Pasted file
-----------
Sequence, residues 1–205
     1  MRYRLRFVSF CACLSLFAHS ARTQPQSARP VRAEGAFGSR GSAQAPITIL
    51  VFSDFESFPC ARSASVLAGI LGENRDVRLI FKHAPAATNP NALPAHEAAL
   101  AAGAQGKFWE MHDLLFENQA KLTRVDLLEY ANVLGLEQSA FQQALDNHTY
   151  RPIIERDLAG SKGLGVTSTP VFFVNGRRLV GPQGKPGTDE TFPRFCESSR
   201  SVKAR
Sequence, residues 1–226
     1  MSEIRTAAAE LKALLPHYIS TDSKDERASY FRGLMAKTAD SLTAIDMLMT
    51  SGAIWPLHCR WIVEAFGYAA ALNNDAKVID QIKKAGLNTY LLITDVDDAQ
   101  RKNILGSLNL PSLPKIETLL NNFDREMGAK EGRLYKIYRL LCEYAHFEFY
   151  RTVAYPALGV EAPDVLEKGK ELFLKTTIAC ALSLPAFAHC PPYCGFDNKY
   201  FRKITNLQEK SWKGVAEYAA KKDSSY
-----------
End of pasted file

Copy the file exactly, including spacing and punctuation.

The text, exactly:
Sequence, residues 1–205
     1  MRYRLRFVSF CACLSLFAHS ARTQPQSARP VRAEGAFGSR GSAQAPITIL
    51  VFSDFESFPC ARSASVLAGI LGENRDVRLI FKHAPAATNP NALPAHEAAL
   101  AAGAQGKFWE MHDLLFENQA KLTRVDLLEY ANVLGLEQSA FQQALDNHTY
   151  RPIIERDLAG SKGLGVTSTP VFFVNGRRLV GPQGKPGTDE TFPRFCESSR
   201  SVKAR
Sequence, residues 1–226
     1  MSEIRTAAAE LKALLPHYIS TDSKDERASY FRGLMAKTAD SLTAIDMLMT
    51  SGAIWPLHCR WIVEAFGYAA ALNNDAKVID QIKKAGLNTY LLITDVDDAQ
   101  RKNILGSLNL PSLPKIETLL NNFDREMGAK EGRLYKIYRL LCEYAHFEFY
   151  RTVAYPALGV EAPDVLEKGK ELFLKTTIAC ALSLPAFAHC PPYCGFDNKY
   201  FRKITNLQEK SWKGVAEYAA KKDSSY